If you follow the news or your social media feed, you know that crowdsourcing medical expenses is increasingly popular for financing health care costs. In fact, you might have contributed to one; 22 percent of American adults report donating to GoFundMe medical campaigns. As of 2021, approximately $650 million, or about one-third of all funds raised by GoFundMe, went to medical campaigns. That staggering amount of money highlights how dysfunctional our health care system is, forcing people to resort to crowdsourcing to afford their medical care — but it’s not surprising. In the United States, 62 percent of bankruptcies are related to medical costs. This should be a wake-up call to address and reform the system further.
In shifting the responsibility to crowdsourcing and social media platforms, the U.S. medical system continues to fail many of its neediest patients. Despite the Affordable Care Act, many patients remain uninsured or have high-deductible plans that leave them insured in name only. In a recent study of the impact of GoFundMe campaigns on dermatologic conditions — including skin cancers, alopecia and chronic autoimmune diseases such as lupus and scleroderma — our team at the University of Pennsylvania, along with colleagues from the University of Virginia, found that the top reason people resort to GoFundMe is inadequate health insurance. We also found that those most likely to succeed are the most privileged and connected: young white men. This means that this supposedly democratic fundraising strategy may paradoxically worsen disparities, instead of giving people with the greatest need more access.
Further, the platform implicitly pressures people to be public about their most private medical information, since the more they share, the more money they are likely to collect, as our study revealed. In fact, the campaigns that were the most successful were the ones with frequent and detailed updates about the person’s medical condition. For every additional campaign profile update, fundraisers earned $232 more per post, on average, and for every additional share on social media, fundraisers earned $6 more per post when controlling for race, age, gender and goal of campaign.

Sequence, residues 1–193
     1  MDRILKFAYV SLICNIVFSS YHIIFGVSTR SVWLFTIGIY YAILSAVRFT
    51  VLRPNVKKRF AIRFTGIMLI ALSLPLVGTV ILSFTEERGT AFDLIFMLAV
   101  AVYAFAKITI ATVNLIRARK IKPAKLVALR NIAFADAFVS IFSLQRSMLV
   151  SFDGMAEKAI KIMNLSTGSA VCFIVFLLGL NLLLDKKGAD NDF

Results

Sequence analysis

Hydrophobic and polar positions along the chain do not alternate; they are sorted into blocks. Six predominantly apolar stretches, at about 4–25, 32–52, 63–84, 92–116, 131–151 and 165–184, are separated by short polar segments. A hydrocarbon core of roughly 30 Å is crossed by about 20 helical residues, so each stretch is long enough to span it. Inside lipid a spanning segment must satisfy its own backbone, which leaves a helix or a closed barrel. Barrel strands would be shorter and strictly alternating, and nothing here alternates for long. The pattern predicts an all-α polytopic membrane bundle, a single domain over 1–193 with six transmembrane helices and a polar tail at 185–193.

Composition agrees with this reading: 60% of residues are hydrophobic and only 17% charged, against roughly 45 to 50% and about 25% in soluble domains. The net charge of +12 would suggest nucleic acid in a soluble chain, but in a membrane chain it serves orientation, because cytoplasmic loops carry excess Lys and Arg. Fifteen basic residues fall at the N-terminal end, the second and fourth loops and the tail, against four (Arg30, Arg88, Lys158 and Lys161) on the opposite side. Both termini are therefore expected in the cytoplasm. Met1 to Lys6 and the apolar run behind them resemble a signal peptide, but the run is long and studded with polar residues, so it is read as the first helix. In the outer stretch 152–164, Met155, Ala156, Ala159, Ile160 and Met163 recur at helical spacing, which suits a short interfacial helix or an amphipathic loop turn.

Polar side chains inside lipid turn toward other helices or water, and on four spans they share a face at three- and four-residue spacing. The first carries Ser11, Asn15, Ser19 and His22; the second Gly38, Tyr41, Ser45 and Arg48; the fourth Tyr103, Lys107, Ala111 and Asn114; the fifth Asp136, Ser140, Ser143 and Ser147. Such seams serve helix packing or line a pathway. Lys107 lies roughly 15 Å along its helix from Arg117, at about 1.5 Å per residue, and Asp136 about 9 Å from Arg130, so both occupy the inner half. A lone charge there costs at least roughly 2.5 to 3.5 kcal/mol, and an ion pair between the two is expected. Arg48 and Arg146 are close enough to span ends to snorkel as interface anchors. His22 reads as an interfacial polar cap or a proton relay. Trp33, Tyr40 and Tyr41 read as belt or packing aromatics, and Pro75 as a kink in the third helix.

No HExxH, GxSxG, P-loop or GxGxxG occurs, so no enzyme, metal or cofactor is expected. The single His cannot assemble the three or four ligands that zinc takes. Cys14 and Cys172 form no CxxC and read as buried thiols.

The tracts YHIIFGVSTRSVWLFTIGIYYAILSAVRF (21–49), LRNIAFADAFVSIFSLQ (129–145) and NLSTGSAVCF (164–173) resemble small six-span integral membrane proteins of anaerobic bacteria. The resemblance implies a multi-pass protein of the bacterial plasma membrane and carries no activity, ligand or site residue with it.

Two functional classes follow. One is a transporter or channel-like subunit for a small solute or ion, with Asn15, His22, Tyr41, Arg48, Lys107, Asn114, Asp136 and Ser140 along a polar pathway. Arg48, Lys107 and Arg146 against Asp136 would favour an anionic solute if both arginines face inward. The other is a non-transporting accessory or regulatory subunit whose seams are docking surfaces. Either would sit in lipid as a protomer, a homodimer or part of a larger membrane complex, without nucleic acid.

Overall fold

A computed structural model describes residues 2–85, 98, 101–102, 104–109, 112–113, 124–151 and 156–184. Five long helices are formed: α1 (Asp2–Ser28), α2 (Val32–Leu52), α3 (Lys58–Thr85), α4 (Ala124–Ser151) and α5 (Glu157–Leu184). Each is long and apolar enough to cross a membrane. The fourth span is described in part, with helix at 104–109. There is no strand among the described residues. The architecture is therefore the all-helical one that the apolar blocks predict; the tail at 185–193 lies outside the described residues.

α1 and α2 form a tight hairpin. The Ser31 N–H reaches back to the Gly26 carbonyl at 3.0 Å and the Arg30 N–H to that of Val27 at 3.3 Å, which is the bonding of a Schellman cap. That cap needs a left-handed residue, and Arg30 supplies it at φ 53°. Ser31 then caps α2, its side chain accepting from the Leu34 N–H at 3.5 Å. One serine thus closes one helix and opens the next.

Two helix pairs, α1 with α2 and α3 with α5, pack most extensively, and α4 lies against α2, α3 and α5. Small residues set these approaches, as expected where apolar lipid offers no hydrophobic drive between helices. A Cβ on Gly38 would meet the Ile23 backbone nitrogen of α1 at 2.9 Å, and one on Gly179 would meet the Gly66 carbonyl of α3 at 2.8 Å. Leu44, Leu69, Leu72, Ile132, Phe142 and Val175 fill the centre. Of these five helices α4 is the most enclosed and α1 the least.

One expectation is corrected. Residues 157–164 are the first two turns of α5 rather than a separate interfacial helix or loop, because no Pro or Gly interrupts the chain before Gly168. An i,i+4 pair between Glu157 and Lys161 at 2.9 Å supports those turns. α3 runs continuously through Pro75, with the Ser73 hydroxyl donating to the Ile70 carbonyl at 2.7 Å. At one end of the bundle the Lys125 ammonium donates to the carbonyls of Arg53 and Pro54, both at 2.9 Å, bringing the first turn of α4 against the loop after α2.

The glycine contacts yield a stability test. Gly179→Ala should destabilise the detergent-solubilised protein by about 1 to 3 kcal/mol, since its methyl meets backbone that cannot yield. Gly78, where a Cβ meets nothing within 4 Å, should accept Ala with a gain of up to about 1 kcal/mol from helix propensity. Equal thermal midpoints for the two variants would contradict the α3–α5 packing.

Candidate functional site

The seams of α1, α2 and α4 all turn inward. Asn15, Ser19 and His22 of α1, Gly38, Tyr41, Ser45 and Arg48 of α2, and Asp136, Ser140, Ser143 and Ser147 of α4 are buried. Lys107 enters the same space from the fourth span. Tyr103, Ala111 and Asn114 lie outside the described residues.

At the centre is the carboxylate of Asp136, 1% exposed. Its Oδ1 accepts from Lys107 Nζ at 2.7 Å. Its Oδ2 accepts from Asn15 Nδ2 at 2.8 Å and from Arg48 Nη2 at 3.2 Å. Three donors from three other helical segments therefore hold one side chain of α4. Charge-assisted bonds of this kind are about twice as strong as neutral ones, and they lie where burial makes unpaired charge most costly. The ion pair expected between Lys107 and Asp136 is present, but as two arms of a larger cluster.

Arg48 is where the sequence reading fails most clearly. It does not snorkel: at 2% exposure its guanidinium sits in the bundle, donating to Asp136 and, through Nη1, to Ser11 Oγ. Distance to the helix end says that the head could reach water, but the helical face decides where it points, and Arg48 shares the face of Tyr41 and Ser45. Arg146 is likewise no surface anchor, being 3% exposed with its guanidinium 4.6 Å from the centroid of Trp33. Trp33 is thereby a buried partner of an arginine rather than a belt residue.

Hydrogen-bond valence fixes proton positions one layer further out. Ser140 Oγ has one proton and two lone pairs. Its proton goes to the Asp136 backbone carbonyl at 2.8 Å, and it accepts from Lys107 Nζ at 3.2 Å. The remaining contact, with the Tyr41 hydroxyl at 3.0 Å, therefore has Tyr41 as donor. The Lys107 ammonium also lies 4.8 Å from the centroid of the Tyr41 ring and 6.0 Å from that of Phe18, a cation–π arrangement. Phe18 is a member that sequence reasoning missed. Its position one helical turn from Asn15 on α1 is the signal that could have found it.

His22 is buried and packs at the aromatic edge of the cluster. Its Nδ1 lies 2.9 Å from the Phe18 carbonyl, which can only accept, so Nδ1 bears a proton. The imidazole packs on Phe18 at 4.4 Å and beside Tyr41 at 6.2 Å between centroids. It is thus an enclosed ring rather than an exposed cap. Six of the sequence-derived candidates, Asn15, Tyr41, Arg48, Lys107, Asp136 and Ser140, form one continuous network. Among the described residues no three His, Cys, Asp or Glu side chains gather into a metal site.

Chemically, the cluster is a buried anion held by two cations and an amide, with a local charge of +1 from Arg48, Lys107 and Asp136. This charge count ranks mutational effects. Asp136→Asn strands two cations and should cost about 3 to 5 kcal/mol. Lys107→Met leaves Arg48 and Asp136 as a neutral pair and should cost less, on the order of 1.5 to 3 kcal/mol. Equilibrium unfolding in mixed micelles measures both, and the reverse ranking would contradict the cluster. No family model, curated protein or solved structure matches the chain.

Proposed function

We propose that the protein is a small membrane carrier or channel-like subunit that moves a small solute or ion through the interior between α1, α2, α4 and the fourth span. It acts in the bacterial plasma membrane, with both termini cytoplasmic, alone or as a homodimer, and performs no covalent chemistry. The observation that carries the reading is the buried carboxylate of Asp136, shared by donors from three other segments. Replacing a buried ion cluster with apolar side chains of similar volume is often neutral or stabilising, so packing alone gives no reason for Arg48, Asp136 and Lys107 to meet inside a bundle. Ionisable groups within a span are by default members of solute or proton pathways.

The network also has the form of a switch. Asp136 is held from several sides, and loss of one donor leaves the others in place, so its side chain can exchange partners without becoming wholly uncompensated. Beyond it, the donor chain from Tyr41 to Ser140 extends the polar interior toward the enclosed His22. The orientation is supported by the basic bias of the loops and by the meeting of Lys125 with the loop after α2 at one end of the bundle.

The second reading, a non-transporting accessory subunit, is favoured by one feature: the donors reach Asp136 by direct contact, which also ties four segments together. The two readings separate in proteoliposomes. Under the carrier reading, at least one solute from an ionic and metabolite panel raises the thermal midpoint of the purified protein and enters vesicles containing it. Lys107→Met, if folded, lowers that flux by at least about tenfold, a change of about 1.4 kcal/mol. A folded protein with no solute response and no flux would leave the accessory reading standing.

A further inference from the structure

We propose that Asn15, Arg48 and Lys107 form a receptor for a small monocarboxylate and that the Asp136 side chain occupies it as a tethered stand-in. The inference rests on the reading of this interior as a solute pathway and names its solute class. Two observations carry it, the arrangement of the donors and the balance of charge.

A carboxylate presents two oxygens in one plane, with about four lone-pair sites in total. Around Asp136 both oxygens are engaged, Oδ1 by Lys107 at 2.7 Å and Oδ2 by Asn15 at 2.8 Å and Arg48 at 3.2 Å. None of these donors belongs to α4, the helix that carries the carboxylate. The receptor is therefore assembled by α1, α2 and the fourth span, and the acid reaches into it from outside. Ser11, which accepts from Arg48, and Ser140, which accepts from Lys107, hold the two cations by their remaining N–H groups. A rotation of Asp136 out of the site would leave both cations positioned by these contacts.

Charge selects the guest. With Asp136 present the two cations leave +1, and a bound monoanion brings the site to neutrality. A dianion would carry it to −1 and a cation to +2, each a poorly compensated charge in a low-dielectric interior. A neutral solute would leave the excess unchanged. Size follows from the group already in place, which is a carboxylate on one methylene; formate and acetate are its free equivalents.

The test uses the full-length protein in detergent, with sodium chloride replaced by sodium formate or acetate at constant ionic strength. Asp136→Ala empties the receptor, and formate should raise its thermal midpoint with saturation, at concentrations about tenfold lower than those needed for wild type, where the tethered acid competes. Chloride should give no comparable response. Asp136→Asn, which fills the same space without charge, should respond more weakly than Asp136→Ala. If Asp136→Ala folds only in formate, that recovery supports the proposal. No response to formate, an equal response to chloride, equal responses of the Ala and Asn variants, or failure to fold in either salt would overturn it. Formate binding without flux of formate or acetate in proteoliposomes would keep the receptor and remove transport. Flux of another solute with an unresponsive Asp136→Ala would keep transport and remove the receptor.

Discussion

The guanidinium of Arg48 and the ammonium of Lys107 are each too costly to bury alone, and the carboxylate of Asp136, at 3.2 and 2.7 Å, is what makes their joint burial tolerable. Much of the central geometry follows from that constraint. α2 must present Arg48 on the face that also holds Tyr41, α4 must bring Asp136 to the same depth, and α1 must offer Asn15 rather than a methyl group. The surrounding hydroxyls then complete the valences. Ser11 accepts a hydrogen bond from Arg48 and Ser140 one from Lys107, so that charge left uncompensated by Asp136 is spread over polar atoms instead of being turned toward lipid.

Other studies on GoFundMe success in patients with hepatitis C and lung cancer have shown that successful campaigns featured motifs emphasizing self-sufficiency, use of the platform as a last resort, framing the request for help as atypical, and suggesting that the individual was not at fault for their illness (e.g., stating that their hepatitis C was not from intravenous drug use).
What’s the solution? Some might argue that with the failures of the current health care system, we need stop-gap innovations like GoFundMe to allow people to find ways to fund themselves. But there must be a way to innovate while not disadvantaging the people who need it most — and there must be a way to ask for extra help without forcing people to be public about their most private concerns and financial situations to have any chance of funding, which the statistics show, probably still will not be enough.
Further, the funding of public goods and health care costs via GoFundMe decreases the demand on and responsibility of our institutions to improve health care access. The mere existence of health care crowdfunding legitimizes these institutional defects. Even Tim Cadogan, CEO of GoFundMe, has pleaded for the government to step up. We have been employing a form of “socially mediated abandonment” under the veneer of rugged individualism and altruism. Increasing privatization of American health care is not new or unique; but these decisions should be made thoughtfully, not out of desperation.
On the surface, using a public platform to increase a medical GoFundMe campaign’s visibility for those in greatest need seems democratizing because of the possibility of going viral. Regardless of the ethics, people in medical debt should have all opportunities to relieve their financial burden with any kind of fundraising. The problem is that it’s a crapshoot. Only 10 percent of campaigns meet their goals.
Our research shows that although crowdsourcing medical campaigns occasionally can be successful, it is an ethically problematic patch on a dysfunctional system. Absent large-scale reform of how health care is delivered, we must continue to find ways to support those in need, but we should not force people into self-exploitation and self-marketing to have a basic human right: access to adequate and reliable health care.
Jules Lipoff, M.D., is a senior fellow at the Leonard Davis Institute of Health Economics and an assistant professor of clinical dermatology at Perelman School of Medicine, both of the University of Pennsylvania. Erica Mark, medical student at the University of Virginia, contributed to this article. The opinions expressed in this article do not necessarily represent those of the University of Pennsylvania Health System or the Perelman School of Medicine.